Camping vs. glamping

Rian Edignton

The technological advances of the 21st century have given rise to a new kind of outdoor experience, one that some argue excludes the outdoors altogether.

The term “glamping,” a combination of the words “glamour” and “camping”, describes the modern twist on traditional camping. Instead of tents, hammocks or sleeping bags glampers choose to sleep in huge RVs that have all the amenities found in ones’ home.

Glamping is most popular with the older generations as rugged backpacking has become more popular with the younger generations, though some younger people still advocate the glamping experience.

Jordan Chavis, a 22-year-old business major, is an avid supporter of traditional backpacking practices.

“I love nature and backpacking is a way to fully immerse yourself in it,” Chavis said. “Backpacking, for me at least, can be very therapeutic.”

Many people feel that the point of camping is to spend time in nature and enjoy the outdoors, an activity that not many people get to do frequently enough.

“I feel that if I’m going to go glamping with all the luxuries and amenities of home I might as well just sit on the couch and pop in a DVD of Planet Earth,” Chavis said.

The thought of going all the way out into nature just to sit inside an RV doesn’t make sense to people who enjoy the lack of civilization in nature.

“The feeling of being the only human in a vast expanse of wilderness is both frightening and exhilarating,” Chavis said. “It really puts nature in a different perspective that you wouldn’t see otherwise.”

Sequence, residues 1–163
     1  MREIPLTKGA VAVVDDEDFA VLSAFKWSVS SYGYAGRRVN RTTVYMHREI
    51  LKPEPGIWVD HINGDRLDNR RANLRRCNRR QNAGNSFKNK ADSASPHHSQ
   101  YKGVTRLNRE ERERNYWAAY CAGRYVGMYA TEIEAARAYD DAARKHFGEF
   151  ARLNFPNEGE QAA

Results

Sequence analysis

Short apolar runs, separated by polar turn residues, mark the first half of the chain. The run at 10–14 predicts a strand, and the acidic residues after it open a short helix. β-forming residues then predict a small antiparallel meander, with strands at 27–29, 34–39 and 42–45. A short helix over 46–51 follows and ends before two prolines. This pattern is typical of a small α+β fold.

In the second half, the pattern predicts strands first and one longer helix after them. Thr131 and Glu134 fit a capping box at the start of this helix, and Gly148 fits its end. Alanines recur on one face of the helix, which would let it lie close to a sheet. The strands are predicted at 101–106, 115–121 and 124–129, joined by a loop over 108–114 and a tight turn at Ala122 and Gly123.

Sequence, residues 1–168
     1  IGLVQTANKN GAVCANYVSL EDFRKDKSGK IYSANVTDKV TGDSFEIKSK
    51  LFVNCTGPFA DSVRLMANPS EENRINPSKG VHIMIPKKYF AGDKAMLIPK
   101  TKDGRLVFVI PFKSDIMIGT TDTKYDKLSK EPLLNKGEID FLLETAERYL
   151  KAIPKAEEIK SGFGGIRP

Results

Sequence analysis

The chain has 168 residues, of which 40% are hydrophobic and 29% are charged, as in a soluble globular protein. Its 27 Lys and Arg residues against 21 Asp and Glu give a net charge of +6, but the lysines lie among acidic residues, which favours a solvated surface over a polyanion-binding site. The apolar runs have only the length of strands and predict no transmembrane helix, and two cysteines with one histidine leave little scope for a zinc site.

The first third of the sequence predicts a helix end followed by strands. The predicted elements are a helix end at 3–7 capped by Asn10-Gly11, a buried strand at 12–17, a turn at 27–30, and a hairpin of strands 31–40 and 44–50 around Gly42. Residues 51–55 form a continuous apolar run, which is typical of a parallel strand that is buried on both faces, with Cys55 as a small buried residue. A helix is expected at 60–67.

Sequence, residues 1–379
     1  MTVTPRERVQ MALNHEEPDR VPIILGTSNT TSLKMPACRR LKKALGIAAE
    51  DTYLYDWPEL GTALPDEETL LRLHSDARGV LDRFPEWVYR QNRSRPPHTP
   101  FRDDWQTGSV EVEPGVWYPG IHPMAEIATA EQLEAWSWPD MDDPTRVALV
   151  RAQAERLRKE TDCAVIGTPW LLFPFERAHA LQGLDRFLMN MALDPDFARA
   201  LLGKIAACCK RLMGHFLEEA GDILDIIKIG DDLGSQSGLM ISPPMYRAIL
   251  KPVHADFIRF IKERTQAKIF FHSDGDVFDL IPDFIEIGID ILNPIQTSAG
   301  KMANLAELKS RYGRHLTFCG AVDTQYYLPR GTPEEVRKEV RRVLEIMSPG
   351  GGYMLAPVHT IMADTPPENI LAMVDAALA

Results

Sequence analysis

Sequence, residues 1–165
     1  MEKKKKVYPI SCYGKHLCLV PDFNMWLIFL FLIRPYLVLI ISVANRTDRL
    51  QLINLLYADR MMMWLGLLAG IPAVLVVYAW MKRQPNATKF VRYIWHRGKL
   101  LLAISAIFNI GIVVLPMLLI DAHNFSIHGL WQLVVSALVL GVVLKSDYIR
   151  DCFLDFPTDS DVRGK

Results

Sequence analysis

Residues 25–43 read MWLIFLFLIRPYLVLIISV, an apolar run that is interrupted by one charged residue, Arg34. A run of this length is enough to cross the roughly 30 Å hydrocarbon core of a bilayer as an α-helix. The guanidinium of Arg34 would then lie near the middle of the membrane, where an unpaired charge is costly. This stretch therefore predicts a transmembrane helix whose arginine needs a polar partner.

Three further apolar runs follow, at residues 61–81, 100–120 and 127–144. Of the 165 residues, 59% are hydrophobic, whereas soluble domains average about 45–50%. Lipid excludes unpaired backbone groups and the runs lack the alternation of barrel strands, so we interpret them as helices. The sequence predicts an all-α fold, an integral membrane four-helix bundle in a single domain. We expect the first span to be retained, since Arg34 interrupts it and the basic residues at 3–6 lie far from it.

Not all people are so keen on traipsing around in nature with just a backpack.

“I’d like some sense of protection,” said Alexandria Nicole Mills, a 20-year-old business major. “I’d feel like you could use the restroom easier and cook more food.”

RVs also allow people to go camping in the cooler, rainier months of the year.

Backpackers also have to carry all of their supplies on their backs. This means that they are limited in what they can bring and also have less versatility than those who have RVs with gas, electricity and running water.

“What’s in my backpack usually depends on the difficulty of the trail and the weather.” Chavis said. “My knife, fire starter, and water bottles are always with me. I always bring just enough food packed in bear canisters to keep those pesky black bears from getting into it.”

Other supplies that are recommended for backpacking are propane stoves, water filtering devices, and a hatchet to cut fire wood.

“I always have my sleeping bag,” Chavis added. “If there is no chance of rain I usually bring a hammock instead of a tent.”

Despite the difference in camping style and housing preference the ultimate goal of any outdoor adventure is to experience nature.

“When you go camping its more about the activities you do and getting the benefits of nature rather than where you choose to sleep at night.” Kayla White a 22-year-old recreation major said.